Antibiotics Smart Use: a workable model for promoting the rational use of medicines in Thailand
Nithima Sumpradit, Pisonthi Chongtrakul, Kunyada Anuwong, Somying Pumtong, Kedsenee Kongsomboon, Parichart Butdeemee, Jurairat Khonglormyati, Santi Chomyong, Parnuchote Tongyoung, Suraphol Losiriwat, Piyanooch Seesuk, Pongthep Suwanwaree & Viroj Tangcharoensathien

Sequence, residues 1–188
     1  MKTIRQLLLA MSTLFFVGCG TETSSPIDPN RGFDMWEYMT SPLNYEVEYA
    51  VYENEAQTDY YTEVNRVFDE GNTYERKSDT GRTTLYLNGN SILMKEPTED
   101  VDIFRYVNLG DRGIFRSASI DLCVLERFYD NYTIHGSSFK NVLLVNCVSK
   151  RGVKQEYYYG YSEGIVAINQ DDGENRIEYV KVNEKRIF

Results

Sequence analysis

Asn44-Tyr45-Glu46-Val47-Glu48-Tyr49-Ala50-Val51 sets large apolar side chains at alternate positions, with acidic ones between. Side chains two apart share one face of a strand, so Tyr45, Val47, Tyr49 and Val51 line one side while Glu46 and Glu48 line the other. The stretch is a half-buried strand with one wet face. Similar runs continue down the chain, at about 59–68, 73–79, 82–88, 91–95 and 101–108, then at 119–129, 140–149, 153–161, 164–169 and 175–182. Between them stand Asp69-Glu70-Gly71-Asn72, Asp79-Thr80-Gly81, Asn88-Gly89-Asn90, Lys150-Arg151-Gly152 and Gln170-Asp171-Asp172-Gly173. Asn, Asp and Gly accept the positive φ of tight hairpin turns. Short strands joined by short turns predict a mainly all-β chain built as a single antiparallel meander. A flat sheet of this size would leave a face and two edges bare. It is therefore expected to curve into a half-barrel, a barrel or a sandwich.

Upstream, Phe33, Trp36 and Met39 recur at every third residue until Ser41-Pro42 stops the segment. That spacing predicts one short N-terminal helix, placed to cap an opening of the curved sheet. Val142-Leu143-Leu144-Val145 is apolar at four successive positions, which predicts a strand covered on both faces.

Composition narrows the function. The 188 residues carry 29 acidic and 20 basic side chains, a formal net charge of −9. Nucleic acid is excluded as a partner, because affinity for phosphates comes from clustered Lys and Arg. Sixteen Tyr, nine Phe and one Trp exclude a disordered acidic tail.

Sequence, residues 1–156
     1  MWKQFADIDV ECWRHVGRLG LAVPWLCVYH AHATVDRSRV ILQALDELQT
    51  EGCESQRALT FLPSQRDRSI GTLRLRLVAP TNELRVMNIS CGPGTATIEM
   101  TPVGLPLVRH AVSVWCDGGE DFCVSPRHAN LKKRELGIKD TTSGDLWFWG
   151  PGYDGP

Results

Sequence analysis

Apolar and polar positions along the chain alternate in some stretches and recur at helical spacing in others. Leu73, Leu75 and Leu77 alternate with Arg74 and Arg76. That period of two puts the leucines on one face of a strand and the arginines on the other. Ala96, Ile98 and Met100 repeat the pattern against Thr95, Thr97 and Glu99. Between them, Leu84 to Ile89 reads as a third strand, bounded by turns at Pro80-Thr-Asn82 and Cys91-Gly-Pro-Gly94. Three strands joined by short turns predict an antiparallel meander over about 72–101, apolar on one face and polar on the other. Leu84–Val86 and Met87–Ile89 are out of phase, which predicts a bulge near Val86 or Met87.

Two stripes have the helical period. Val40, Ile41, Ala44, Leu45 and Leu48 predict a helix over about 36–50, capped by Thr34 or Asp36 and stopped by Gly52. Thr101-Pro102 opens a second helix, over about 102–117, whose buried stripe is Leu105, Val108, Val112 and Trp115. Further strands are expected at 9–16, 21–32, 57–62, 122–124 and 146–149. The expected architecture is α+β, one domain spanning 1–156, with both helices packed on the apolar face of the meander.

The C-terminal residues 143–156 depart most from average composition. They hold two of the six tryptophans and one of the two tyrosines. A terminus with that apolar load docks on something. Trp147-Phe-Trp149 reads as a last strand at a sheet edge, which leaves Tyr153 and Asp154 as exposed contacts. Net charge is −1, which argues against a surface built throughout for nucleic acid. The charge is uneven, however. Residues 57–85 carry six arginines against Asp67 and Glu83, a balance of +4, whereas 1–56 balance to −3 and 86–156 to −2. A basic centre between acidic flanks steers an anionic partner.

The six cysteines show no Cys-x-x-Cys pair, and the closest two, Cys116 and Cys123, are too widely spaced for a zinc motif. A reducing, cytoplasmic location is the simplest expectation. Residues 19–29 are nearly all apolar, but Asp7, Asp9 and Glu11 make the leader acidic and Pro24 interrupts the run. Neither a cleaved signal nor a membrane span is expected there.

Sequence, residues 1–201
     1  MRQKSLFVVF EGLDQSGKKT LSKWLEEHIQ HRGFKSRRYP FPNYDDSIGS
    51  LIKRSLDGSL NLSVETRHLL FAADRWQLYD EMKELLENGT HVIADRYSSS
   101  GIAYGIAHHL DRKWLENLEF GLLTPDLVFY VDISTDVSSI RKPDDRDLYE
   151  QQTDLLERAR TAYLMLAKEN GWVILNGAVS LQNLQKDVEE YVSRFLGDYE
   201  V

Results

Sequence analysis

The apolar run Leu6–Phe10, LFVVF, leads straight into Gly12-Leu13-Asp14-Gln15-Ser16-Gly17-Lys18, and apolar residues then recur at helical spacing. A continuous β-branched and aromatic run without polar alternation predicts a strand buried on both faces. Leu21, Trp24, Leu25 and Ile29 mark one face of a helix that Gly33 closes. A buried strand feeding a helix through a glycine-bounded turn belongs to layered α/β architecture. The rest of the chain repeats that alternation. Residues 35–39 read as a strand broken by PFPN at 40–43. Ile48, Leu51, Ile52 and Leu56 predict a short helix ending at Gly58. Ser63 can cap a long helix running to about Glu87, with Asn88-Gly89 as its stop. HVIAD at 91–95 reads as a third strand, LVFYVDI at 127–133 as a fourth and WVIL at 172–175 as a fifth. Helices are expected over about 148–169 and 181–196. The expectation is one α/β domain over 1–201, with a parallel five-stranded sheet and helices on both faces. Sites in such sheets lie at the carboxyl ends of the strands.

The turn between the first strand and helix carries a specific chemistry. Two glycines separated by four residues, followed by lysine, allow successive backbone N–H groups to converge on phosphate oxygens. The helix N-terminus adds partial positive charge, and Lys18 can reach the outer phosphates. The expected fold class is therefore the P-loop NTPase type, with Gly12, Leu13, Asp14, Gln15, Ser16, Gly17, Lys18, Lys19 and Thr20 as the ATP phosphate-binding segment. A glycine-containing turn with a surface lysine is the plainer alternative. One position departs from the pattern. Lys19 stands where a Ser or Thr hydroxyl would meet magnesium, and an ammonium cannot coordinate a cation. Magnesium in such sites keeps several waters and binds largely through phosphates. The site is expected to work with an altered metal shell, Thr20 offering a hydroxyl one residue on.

The Antibiotics Smart Use (ASU) programme was introduced in Thailand as a model to promote the rational use of medicines, starting with antibiotics. The programme’s first phase consisted of assessing interventions intended to change prescribing practices; the second phase examined the feasibility of programme scale-up. Currently the programme is in its third phase, which centres on sustainability. This paper describes the concept behind ASU, the programme’s functional modalities, the development of its conceptual framework and the implementation of its first and second phases. To change antibiotic prescription practices, multifaceted interventions at the individual and organizational levels were implemented; to maintain behaviour change and scale up the programme, interventions at the network and policy levels were used. The National Health Security Office has adopted ASU as a pay-for-performance criterion, a major achievement that has led to the programme’s expansion nationwide. Despite limited resources, programme scale-up and sustainability have been facilitated by the promotion of local ownership and mutual recognition, which have generated pride and commitment. ASU is clearly a workable entry point for efforts to rationalize the use of medicines in Thailand. Its long-term sustainability will require continued local commitment and political support, effective auditing and integration of ASU into routine systems with appropriate financial incentives.